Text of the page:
For the busy streets of Beijing, a new "super bus" is being touted that straddles roadways and can move up to 1,400 people at a time.
From the country that just recently brought us a nine-day traffic jam due to road construction and poor driving skills comes the development of a straddling bus that may just solve up to 30% of Beijing's current traffic woes.
With over 4 million cars on the city's streets, and another million to come by the year's end, the city is looking for any way possible to curb congestion and get people where they need to go. More and more affluent Beijingers (Beijonites? Beijingarians?) are purchasing private vehicles, and the city has been forced to prohibit private drivers from motoring on city streets one day out of the week depending on their licence plate number.
Still, this hasn't really helped matters, and so the Shenzhen Hashi Future Parking Equipment company got to work designing a more elegant solution - the straddling bus.
Looks like I can fit: oh crap. oh crap.
This bus would ride above standard traffic and take up no space on the roadways, and also come with seating for 1,400. It would require the installation of special railings along major thoroughfares, elevated bus stops and traffic signal re-designs, but it might just do the trick.
The plan is to lay down a six-kilometer stretch of test track by the end of the year, and also get a working prototype up and running - most likely an eco-friendly electricity/solar power hybrid - by early next year. The second half of 2011 is intended to include actual passenger testing in real-life traffic situations to see just how well the bus can perform.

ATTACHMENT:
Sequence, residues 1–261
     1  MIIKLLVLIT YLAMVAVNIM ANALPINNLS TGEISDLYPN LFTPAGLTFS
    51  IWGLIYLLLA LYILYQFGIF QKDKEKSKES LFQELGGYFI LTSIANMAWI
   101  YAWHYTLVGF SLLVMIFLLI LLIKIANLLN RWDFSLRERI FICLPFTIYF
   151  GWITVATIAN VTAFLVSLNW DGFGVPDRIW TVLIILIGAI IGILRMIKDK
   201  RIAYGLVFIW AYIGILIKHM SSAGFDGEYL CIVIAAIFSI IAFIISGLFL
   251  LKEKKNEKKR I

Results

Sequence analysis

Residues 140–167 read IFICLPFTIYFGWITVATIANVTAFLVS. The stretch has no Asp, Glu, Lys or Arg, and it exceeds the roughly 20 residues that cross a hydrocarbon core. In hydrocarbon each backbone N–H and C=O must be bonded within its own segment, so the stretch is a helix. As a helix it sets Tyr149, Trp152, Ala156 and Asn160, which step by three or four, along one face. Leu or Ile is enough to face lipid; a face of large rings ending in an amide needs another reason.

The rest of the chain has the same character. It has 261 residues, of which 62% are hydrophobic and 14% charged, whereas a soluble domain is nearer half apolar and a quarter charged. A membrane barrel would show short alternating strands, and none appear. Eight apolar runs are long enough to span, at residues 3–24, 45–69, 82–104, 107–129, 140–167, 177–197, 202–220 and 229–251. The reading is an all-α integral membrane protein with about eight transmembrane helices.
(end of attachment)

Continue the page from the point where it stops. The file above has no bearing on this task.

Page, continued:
The eventual hope is to create a 180 kilometer system of straddle bus track that will remove a great many of the cars from Beijing's roads on a regular basis, but there are still a few kinks to be worked out.
First, if a driver veers off and hits one of the side rails, how much protection will be afforded to the bus and those inside? If the middle falls out on this thing, commuters and going to get a great deal more up close and personal with traffic than they had bargained for.
Second, the straddle bus will only allow small and medium-sized vehicles to pass under it - no trucks or other large, well, buses. This could be a problem for truckers and other long-haul drivers that tend not to read signs after long stretches of highway driving, and then proceed to get their vehicle stuck under a bridge, or turned onto a road they can't get out of.
A warning alarm is supposed to sound if a large vehicle tries to pass, but we're not sure what that will do aside from create mass panic and have the driver of the large truck wonder "what's that odd noise?" before crashing headlong into the rear compartment of the bus.
The idea remains innovative, however, and could have large success in a market like Beijing.
As for us - we're still straddling the fence on this one.